Ireland to lose out on new EU Touring Visa potential

29 March 2015
By Bryan T. Smyth

Fine Gael MEP Deirdre Clune (Cork South Central), has said that Ireland will miss out on the benefits of a new proposed EU Touring Visa as we are not a member of the Schengen area.

“The European Commission has proposed a new type of visa, the Touring visa, which will allow non EU visitors to stay for one year, and extend their stay to 2 years, in the Schengen visa area of Europe. The Schengen visa area is a collective of 26 European countries that have mutually decided to eliminate passport and immigration controls at their joint borders. As Ireland and England are not in the Schengen area we will not feel the benefits from this touring visa.

“The new Touring visa will make it easier for non EU tourists to get an EU wide visa, thus making Europe a more attractive destination for Asians and those coming from the Middle East. Ireland should not miss out on this. I have asked the European Commission to explore ways that Ireland and the UK could link in with these new proposals for an EU wide Touring Visa.

“European Commission research showed that 6.6 million people would have liked to come to Europe last year but didn’t because of visa rules. The same research showed we lost circa €130bn of potential tourist revenue due to visa restrictions. 57 million Asians and 38.8 million people from the Middle East visited Europe last year. International trips by Chinese travellers have grown from 10 million in 2000 to 83 million in 2012. There is massive potential in the Chinese market for Ireland. And they spend money! – Chinese travellers spent a record $102bn in international tourism in 2012, up 40% from 2011. That’s more than the total for American or German visitors. In the first three quarters of 2013, China’s expenditure increased by 28%.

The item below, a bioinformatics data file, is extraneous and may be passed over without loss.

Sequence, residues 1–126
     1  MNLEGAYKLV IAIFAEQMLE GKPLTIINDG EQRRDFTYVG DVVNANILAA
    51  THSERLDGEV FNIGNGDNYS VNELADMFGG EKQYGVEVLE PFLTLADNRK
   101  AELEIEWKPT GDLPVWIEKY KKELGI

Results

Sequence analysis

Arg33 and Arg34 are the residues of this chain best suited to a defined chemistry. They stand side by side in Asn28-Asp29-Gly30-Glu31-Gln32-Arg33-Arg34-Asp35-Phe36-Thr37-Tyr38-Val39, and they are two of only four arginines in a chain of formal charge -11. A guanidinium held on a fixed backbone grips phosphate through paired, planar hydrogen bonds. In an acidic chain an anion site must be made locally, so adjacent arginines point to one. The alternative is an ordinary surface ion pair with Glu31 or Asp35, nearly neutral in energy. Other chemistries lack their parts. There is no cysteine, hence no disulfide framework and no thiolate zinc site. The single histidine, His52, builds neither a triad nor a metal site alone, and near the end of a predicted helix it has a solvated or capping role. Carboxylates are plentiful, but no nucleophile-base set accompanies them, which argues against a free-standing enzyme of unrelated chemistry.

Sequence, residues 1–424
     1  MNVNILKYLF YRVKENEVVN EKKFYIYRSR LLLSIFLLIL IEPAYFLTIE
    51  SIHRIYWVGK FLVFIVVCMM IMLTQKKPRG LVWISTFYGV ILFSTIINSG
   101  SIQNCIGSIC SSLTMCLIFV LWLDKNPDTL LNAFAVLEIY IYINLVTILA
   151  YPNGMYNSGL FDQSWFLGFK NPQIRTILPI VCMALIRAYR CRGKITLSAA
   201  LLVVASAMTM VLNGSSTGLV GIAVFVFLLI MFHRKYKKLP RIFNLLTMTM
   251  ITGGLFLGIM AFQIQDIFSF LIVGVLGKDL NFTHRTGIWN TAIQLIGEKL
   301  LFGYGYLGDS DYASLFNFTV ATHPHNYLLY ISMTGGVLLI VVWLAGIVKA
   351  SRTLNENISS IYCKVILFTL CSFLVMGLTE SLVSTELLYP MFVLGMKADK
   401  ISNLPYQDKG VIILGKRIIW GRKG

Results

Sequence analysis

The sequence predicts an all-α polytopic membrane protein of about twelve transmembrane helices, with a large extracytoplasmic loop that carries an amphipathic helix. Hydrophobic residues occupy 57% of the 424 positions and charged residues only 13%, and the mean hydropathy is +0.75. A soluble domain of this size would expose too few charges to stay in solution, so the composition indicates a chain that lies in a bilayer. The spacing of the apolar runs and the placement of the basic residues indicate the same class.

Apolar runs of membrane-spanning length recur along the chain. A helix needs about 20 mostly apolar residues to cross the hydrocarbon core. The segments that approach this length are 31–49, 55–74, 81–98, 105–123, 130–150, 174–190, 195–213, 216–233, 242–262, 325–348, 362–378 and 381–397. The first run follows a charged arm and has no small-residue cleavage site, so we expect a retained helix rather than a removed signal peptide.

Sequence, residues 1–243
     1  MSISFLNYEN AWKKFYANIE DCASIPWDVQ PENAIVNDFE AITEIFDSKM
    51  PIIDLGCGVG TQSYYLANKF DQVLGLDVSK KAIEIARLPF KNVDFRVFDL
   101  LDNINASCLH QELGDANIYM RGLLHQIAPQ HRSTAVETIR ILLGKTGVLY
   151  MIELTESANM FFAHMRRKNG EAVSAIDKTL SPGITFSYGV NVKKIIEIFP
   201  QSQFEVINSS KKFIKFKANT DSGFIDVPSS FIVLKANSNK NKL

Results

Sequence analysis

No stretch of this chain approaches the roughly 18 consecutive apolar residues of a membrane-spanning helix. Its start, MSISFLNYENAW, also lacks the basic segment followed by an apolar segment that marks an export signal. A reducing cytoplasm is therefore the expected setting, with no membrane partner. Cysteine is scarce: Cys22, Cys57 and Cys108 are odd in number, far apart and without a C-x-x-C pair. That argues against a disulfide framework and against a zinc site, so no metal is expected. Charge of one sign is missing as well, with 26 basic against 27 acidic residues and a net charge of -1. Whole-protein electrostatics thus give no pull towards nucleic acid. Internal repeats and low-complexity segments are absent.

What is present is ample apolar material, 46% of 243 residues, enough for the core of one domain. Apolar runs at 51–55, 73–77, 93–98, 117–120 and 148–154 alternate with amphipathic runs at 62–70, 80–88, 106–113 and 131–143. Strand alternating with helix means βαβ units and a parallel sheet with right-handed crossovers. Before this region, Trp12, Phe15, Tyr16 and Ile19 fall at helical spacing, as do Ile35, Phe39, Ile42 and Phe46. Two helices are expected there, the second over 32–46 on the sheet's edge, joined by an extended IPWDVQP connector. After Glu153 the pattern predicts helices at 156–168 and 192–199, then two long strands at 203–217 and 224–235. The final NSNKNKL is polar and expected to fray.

“Rapid urbanisation, increased disposable income and a relaxing of travel restrictions have enabled more people to travel from these parts of the world. We need to capitalise on this! Tourism in Ireland is growing at about 10% per year. Our aim is that by 2025, revenue from overseas visitors will increase to €5 billion, and that employment in the sector will rise to 250,000. These are real jobs that are often the lifeline of rural Ireland.”

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